Too many children put their parents down, and dishonor them.
God requires children to show lovingkindness to your parents.

God also requires those in the workplace to actively demonstrate hesed in their business relationships.
We are living in a day when commitments are taken lightly and people seem to believe that contracts
are made to be broken.
God requires us to fulfill our obligations, and to make our word, our bond.
That is loving kindness.

Third, Walk Humbly with God

The final requirement in Micah 6:8 is to walk humbly with God, to "walk circumspectly."
The Hebrew root of the word describes a lifestyle that is not proud, not self-willed, and not arrogant.
We are called to walk in submission to God and to His will, and to His commands.
We are to live with purpose and with faith.

We know what it means to walk.
Walk implies a slow pace.
Walking is the opposite of running.
Walking is a slow, deliberate pace.
We are to walk humbly with God.

Humbly means that we are not full of ourselves.
Humbly means that we are not preoccupied with ourselves.
When we walk humbly with God, we are sacrificing our busy and self centered selves,
and we are focusing on someone other than our self and our pleasures.

Jesus said that the greatest person in the kingdom of God was a person who was humble
like a little child.
Jesus said that the greatest virtue of all the virtues was humility.
The Apostle Paul, who wrote more than half of the New Testament, said that
Jesus "did not count equality with God a thing to be grasped, but humbled himself,
becoming obedient onto death
."

Humility is sacrificing ourselves to listen to the needs of others and the desires of God.
Humility is the art of listening to another, wherein you forget ourselves for a moment
and actually listen to what another person is saying to you.
Humility is listening to God, when we forget the busyness of our own mind for a moment,
and actually listen to what God is saying to us through his Word

God requires us "to walk humbly with your God."
This is the most important of the three requirements.
Unless we walk humbly with our God, we cannot act justly or love mercy.

This humility ought to show itself in every act of life.
It is not wise just to try to be humble, but we are to actually be humble.
When a person talks a great deal about his humility, and when he is very humble to everybody,
he is generally a hypocrite.
Humility must be in the heart, and then, it will come out spontaneously as the outflow of life
in every act that a person performs.

To walk humbly with God means, like Enoch, to live for God and make Him the center of your life.
It means to live a life of fellowship with God.
It means to give your heart to Jesus Who gave His life for you.
It means to be filled with the Spirit and the power of Christ because you have been born again,
and now you are a new Creation in Christ.
It means to spend time with God in prayer and Bible reading.
In the New Testament this is called the life of discipleship:

"Living for Jesus a life that is true,
Striving to please Him in all that I do,
Yielding allegiance glad hearted and free –
This is the pathway of blessing for me.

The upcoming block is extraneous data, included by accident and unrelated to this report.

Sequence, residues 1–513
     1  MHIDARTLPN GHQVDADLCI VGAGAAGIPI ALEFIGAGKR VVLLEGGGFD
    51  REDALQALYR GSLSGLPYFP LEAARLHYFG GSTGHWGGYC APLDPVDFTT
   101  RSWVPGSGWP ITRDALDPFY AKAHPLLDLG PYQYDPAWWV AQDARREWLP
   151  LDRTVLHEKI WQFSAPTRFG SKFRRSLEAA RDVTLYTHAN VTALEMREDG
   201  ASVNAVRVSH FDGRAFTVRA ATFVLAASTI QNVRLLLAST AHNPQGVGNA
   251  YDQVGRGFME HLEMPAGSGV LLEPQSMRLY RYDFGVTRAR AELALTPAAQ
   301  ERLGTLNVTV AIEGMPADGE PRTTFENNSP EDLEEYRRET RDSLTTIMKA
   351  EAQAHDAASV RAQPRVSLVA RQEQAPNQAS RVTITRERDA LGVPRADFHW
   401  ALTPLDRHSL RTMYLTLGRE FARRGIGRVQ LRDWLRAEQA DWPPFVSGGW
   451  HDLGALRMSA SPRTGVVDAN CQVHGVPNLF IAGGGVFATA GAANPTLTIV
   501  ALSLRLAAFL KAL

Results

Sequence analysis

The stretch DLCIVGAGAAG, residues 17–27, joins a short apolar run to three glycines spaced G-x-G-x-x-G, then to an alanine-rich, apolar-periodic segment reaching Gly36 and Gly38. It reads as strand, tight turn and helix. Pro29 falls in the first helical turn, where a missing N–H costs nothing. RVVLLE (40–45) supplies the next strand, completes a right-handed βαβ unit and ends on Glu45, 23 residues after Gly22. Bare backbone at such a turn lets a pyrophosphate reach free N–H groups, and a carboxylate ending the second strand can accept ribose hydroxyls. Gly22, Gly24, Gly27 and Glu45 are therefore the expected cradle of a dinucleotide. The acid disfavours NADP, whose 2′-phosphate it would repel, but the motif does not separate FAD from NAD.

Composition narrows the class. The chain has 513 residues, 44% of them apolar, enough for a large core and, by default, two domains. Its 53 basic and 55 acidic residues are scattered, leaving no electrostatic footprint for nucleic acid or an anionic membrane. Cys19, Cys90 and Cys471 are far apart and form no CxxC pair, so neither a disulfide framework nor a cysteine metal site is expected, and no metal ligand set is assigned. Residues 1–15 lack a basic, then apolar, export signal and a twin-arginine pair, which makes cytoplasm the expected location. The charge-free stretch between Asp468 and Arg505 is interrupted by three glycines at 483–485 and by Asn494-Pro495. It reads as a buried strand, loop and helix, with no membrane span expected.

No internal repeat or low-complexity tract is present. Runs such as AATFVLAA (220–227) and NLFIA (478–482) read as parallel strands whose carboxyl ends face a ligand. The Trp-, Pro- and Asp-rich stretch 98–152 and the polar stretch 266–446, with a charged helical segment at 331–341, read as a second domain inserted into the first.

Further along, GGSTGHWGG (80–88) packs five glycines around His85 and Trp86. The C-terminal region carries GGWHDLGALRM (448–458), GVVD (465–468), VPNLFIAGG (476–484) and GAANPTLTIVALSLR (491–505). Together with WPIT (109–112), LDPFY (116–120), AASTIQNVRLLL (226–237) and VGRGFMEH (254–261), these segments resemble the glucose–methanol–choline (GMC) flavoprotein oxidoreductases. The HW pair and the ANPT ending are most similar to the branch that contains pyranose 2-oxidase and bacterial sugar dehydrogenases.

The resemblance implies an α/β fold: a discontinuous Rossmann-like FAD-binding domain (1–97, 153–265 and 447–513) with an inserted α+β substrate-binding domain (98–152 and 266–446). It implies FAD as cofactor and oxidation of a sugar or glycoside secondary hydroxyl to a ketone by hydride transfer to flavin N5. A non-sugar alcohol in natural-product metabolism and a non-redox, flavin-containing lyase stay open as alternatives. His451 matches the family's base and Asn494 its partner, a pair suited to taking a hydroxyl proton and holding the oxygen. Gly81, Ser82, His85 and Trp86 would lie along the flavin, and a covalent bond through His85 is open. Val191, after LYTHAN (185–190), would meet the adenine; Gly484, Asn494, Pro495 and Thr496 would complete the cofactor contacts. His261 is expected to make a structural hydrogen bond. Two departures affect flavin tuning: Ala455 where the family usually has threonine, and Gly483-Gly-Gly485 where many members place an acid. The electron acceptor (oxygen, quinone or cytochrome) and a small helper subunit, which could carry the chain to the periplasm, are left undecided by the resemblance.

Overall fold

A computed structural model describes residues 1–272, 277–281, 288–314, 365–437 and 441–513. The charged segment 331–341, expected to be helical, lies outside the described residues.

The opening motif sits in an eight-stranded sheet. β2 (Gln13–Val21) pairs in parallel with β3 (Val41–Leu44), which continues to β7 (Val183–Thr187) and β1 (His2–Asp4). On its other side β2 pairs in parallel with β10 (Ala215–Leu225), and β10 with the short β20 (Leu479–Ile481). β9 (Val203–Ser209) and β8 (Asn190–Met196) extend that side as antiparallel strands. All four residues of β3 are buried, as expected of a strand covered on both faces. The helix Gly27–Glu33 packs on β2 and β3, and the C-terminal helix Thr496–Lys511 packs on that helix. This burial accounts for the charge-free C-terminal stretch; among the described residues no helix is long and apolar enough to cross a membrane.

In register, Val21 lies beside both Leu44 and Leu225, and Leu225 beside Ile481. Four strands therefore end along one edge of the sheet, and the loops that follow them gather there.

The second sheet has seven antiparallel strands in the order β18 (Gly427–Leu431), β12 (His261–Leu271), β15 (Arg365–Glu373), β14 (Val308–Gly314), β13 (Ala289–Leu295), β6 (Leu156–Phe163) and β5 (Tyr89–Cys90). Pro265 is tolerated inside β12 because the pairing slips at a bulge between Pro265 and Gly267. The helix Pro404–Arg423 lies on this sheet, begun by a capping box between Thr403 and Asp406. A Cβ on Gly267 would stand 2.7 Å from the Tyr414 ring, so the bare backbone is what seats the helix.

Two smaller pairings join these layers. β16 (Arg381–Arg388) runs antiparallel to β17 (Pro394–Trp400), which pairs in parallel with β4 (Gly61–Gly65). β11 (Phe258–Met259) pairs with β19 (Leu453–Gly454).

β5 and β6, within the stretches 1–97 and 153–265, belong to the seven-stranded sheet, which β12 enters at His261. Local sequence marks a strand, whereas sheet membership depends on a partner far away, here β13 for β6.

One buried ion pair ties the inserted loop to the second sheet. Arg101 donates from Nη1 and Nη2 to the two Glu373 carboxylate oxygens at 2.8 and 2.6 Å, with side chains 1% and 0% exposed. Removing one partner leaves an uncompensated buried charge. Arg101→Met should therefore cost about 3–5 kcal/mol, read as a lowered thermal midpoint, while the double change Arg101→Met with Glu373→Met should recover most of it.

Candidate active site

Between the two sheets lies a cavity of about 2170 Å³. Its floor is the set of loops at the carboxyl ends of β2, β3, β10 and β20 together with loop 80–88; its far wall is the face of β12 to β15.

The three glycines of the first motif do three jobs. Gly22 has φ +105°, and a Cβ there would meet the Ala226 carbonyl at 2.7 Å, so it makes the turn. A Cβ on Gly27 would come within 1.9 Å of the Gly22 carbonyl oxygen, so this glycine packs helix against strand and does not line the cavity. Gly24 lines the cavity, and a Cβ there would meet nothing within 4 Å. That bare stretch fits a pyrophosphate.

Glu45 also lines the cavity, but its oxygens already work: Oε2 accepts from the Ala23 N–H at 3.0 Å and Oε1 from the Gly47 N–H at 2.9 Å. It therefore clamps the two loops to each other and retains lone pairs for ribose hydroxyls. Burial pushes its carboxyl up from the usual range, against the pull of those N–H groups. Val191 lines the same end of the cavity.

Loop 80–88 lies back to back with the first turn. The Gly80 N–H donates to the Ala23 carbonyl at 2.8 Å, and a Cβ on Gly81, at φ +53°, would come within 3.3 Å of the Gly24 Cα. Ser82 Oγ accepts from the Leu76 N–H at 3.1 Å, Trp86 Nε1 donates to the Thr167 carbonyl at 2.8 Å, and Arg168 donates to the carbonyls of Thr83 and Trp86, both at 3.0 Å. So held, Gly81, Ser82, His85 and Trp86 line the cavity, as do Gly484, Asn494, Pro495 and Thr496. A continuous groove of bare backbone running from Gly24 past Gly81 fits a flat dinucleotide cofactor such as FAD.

O Jesus, Lord and Savior, I give myself to you,
For you in your atonement did give yourself for me.
I own no other master -- my heart shall be your throne:
My life I give, henceforth to live, O Christ, for you alone
."

Living for Jesus is to walk humbly with your God.

It is essential that we understand that we can't fulfill any of these requirements
in verse 8 in our own strength.
And we can't do justice unless we have been justified through faith, and unless we are right
with God ourselves.

I read a story about the Queen of the Belgians who was visiting Poland when Poland was still
under communist rule.
Everywhere she went, she was accompanied by a guard of the secret police.
Since she was a Catholic, she often attended mass.
On one occasion while she was kneeling in prayer, she noticed that the guard standing beside her
was moving his lips and saying the prayers.

She was surprised and asked him, "Oh, are you a Catholic?" to which he responded,
"I believe, but I don't practice."

She then asked, "Then, are you a Communist?" to which he answered,
"I practice, but I don't believe."

God's requires that Biblical belief and practice must be a part of everyday life.
Doing justice, loving mercy, and walking humbly with God are intensely personal
before they are social, and they are the result of being spiritual transformed.

George Maloney in his book "Why Not Become Totally Fire?" tells of a disciple
who went to Abba Joseph, and said, "Father, according to my strength, I sing a few psalms,
I pray and fast, I meditate, I try to cleanse my thoughts.
What more can I do?"


Abba Joseph stood up spreading his hands toward heaven, his fingers were like
10 lamps of fire, and he said, "If you want, why not become totally fire?"

God requires that every Christian should be so changed that every Christian becomes
a burning bush that continues to burn with the glory of God.
God requires every Christian to be so changed that we become passionate about
doing justice and loving mercy and walking humbly with God.

Remember, God requires justice, mercy, and humility—no matter where we live.
What God requires, God will provide.

Sermon adapted from many sources by Dr. Harold L. White